About Grading and Book Condition
(adapted from VINTAGE PAPERBACK COLLECTING - Third Edition. Black Ace Books.)
Vintage Paperback Grading
Grading terms can vary a lot between different dealers. Generally, FINE or MINT are the highest grades used to refer to a book that is as new, with no defects. The grades then range down, sometimes using "plus" and "minus" symbols to further describe which end of the grade the book may fall into. VG or VERY GOOD indicates a nice collectable book with several small-to-moderate defects. In general, when graded fairly, VG should represent a book in decent collectable condition, sufficient to meet the needs of most collectors without requiring an "upgrade". A book graded GOOD or lower is not considered collectable except, perhaps, as a "filler" copy within a collection until a better replacement can be found. Grades such as VG-, GOOD, FAIR, and POOR are mainly suitable as reading copies.
Vintage Paperback Condition
The nature of defects found in collectable paperbacks is varied. All defects result in lowering the grade down from and otherwise-fine book. Here are some common defects you might see mentioned in dealer catalogs:
These usually appear on book corners. At the extreme, they could tear, crease, and/or warp the book from cover to cover. A mild bump may appear as a very slight bend with loss of sheen to the cover near the point of impact.
CHIPS or NICKS
These often occur at the top or bottom of the spine. They refer to removal of a small area of color or of actual cover stock.
The removal of a triangular corner of the book.
CORNER CREASES, SPINE SPLITS and COVER TEARS
Most common on very thin books, this is a crack across the spine. It can be minor (barely visible) or harsh (in which case the crack may extend onto one or both covers).
DARKENING or FADING
These problems may occur to covers, spines and interior pages. Most commonly, spines are faded by sun exposure and interior pages become darkened (and brittle) with age.
FRONT COVER LIFT
This happens when books are bound too tightly, causing the cover to raise or curl up slightly.
GLASS or CUP RING MARKS
These are visible on the covers of books used for coasters. Sometimes accompanied by cigarette stains!
LAM LIFT or LAM PEEL
This refers to the thin clear film bonded (laminated) to the color image on the exterior of many early paperback books. As the books age and are rubbed against one another this lamination begins to peel back, fray or lift, at the book edges.
These are lengthwise creases on the spine or on the book covers adjacent to the spine. They result from flattening the book when it is opened to read.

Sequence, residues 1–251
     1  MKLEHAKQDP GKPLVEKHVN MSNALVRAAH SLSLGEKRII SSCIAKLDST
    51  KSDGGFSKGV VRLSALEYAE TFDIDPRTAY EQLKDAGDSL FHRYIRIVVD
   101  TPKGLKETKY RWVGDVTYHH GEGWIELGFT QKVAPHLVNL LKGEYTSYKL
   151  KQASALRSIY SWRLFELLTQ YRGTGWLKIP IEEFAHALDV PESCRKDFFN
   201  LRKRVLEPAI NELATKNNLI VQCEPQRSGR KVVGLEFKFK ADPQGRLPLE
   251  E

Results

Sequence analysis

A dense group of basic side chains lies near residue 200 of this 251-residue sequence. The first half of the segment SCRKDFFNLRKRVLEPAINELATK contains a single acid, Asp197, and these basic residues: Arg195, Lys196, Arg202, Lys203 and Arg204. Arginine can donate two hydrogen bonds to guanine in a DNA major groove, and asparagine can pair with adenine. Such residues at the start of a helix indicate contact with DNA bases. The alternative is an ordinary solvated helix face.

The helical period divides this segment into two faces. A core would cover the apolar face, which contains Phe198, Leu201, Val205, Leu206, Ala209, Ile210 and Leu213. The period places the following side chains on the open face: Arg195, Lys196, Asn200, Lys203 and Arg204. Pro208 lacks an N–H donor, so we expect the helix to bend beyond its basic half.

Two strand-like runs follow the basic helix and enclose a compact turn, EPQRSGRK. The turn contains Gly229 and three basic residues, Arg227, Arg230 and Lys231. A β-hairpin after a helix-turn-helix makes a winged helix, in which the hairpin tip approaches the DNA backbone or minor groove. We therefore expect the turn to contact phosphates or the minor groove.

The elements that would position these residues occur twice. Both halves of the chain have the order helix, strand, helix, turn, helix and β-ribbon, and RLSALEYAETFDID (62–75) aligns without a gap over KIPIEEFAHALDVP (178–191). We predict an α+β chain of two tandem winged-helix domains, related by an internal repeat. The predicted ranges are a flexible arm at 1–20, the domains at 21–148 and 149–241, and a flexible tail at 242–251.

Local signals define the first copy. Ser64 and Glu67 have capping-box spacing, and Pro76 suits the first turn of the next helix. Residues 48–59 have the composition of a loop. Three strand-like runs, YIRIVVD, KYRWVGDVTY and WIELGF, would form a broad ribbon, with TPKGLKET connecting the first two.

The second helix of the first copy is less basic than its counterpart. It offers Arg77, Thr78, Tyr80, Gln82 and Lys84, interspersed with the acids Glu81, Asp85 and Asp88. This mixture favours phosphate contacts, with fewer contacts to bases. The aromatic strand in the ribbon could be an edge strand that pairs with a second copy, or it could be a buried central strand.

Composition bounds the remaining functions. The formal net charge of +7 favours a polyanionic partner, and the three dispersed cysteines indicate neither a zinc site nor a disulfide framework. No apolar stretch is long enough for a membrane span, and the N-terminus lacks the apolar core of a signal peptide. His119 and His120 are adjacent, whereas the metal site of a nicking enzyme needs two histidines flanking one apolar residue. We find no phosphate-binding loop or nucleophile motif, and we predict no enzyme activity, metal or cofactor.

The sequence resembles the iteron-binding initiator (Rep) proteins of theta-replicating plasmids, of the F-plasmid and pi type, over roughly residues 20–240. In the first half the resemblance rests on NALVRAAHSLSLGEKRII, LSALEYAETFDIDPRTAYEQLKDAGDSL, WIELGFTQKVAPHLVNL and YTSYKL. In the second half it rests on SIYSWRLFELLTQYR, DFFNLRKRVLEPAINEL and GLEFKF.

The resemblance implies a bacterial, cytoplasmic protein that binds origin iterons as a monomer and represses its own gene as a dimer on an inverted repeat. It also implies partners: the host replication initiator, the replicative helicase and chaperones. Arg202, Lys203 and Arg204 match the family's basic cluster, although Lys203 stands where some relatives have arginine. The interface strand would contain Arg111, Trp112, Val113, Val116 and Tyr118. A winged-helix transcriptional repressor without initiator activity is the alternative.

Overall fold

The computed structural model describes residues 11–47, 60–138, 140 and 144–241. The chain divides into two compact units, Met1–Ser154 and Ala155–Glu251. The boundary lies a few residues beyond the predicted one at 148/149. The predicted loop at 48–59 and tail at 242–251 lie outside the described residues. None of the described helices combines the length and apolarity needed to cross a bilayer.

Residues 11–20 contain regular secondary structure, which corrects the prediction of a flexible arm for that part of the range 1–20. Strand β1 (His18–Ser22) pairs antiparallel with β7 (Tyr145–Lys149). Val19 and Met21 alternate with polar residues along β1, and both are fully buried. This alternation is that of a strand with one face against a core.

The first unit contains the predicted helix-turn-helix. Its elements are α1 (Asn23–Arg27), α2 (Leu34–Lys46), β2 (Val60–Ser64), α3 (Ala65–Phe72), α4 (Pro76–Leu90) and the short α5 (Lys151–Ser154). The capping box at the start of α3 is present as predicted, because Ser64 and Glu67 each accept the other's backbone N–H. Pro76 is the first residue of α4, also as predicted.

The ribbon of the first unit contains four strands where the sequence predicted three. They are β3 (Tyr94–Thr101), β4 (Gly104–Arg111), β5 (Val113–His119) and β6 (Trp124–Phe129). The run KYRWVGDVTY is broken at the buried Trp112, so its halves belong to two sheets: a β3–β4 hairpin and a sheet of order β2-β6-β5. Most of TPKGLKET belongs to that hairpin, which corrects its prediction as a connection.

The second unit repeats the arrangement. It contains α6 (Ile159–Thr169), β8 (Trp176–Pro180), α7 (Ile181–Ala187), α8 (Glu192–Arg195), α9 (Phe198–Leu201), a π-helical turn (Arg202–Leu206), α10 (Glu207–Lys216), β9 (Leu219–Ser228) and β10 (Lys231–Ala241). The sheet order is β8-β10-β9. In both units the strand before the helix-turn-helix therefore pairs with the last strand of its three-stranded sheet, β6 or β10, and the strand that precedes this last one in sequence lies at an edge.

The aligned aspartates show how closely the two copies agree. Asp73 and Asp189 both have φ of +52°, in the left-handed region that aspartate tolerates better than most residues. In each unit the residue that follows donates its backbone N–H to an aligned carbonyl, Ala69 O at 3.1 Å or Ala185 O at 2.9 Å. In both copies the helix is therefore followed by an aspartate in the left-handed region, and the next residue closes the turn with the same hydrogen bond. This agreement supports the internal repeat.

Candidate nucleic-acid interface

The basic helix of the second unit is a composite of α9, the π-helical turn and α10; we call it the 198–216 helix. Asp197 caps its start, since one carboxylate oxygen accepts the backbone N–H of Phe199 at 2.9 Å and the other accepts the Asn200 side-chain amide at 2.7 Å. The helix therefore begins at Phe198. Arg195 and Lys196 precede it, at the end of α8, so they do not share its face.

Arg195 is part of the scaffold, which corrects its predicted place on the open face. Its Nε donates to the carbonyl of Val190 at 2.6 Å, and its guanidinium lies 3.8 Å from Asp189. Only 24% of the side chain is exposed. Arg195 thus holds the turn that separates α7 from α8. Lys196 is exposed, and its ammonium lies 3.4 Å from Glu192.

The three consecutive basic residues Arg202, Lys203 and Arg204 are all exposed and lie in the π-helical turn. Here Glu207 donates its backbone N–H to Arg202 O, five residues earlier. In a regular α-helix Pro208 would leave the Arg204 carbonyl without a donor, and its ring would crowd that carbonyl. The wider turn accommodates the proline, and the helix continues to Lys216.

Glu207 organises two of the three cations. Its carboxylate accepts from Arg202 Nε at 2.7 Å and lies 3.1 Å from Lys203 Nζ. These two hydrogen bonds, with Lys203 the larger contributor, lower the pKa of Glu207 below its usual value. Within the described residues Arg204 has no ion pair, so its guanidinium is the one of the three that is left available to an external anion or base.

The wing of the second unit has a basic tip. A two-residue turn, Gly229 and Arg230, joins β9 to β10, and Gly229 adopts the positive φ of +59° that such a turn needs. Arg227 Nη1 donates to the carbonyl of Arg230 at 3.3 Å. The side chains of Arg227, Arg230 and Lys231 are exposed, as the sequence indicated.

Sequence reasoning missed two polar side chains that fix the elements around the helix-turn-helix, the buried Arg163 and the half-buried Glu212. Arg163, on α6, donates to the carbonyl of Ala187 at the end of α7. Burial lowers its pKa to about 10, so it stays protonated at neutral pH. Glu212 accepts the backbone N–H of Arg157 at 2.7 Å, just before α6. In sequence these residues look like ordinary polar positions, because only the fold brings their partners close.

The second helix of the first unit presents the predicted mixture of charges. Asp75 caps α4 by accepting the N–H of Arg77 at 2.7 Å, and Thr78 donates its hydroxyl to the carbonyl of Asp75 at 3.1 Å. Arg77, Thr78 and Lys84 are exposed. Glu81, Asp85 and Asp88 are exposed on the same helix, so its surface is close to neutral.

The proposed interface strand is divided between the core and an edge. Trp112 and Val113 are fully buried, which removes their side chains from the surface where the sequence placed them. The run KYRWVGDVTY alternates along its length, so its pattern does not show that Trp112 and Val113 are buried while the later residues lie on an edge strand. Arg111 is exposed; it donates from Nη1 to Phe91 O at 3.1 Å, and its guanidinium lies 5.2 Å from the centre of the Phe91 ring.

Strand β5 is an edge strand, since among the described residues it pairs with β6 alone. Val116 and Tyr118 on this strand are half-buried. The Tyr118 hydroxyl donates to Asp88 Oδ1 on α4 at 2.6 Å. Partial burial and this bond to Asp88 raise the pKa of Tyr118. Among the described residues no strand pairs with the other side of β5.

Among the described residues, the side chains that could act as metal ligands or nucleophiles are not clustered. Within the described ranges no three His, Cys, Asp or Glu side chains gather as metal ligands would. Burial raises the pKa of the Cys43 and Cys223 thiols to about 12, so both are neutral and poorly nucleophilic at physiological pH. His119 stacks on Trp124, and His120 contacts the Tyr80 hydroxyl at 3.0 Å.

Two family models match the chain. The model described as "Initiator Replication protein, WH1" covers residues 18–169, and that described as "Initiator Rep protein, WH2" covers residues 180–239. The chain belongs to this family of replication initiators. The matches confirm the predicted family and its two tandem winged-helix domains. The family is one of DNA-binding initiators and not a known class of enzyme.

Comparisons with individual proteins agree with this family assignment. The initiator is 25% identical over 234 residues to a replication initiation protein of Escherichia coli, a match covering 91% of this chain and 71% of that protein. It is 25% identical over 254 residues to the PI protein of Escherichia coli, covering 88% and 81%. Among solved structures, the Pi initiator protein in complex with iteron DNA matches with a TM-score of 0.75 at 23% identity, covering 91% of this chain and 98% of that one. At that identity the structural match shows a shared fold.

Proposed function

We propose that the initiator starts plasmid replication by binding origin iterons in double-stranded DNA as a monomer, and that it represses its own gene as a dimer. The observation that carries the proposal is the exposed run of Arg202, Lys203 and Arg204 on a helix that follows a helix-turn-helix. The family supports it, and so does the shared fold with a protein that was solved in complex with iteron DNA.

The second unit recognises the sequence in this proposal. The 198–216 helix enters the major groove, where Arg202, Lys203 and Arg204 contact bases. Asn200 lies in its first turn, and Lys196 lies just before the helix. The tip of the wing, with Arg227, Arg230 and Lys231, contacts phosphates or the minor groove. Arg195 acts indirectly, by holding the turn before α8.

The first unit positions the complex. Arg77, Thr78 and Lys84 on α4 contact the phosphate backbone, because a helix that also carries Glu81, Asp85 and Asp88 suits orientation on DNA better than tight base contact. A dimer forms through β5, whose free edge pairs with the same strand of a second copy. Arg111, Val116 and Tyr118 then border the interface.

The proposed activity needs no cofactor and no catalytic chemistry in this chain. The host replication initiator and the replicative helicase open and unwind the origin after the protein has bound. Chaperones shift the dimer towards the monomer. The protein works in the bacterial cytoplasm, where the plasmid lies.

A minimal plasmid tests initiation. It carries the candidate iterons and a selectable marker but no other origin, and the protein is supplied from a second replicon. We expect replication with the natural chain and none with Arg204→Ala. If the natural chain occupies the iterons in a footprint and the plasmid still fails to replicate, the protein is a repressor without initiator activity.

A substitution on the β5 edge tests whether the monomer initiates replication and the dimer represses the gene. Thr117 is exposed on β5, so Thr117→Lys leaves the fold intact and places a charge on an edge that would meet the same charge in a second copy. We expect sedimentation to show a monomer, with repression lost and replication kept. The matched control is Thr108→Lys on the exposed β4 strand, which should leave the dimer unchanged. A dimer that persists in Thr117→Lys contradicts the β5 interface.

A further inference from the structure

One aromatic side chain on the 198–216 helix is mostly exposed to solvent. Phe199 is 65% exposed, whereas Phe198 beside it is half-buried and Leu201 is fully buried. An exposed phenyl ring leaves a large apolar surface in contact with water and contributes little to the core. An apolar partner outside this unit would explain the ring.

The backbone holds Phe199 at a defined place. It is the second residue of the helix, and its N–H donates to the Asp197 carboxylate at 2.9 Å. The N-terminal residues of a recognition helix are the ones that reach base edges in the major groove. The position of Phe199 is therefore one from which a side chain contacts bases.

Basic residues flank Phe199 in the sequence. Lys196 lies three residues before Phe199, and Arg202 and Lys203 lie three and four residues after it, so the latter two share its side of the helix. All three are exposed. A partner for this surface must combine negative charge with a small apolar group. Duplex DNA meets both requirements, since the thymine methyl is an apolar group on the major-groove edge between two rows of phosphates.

This is a general term for a physical change made to a book by a publisher, distributor or bookseller to indicate that the book is non-returnable. These changes include rubber stamps (on covers or page edges), blind-emboss stamps, rounded and/or clipped corners, a neat sawcut on an edge, a punched-hole through the cover or marker stripes on the page edges.
This often reduces the gloss on the cover's surface without affecting the color of the image. An erasure can have the same effect on the surface.
These can be scratches made to the surface by a sharp implement. Edge scrapes occur when the book edge is dragged over another sharp edge creating a series of small scuffs that remove color.
This can mean anything from very slight dulling of covers (where the book was rubbed along a shelf or against another book), all the way to amore serious bruise removing some of the color layer.
The spine has been bent lengthwise so that, looking down at the book, this spine is not at right angles to the covers.
Discoloration or the actual removal of cover color by pulling off a price sticker. Try Ronsonol Lighter Fluid and a clean rag instead. Ronsonol has a naptha base. Many other solvents have an oil base which can leave a stain.
STORE STAMP or S/S
These often appear on front endpapers. This defect is more serious when it appears on the exteriors of covers.
TAPE REPAIRS, LOOSE PAGES and MISSING PAGES
Are self-explanatory. They should always be noted in a book's description.
Books which are bent or rippled. This can occur from mis-binding, poor storage or handling, or from water damage.
This is sometimes visible on covers and often on interior pages or page edges. Discoloration of tinted page edges sometimes results, as does warping.
May be on covers, spine or interior. Can be marker, ballpoint pen or pencil. May refer to obliteration of the original cover price as well as re-written cover prices, owner's signatures and underlining. Invisible writing (indentation) sometimes shows on the surface of books used as a writing surface.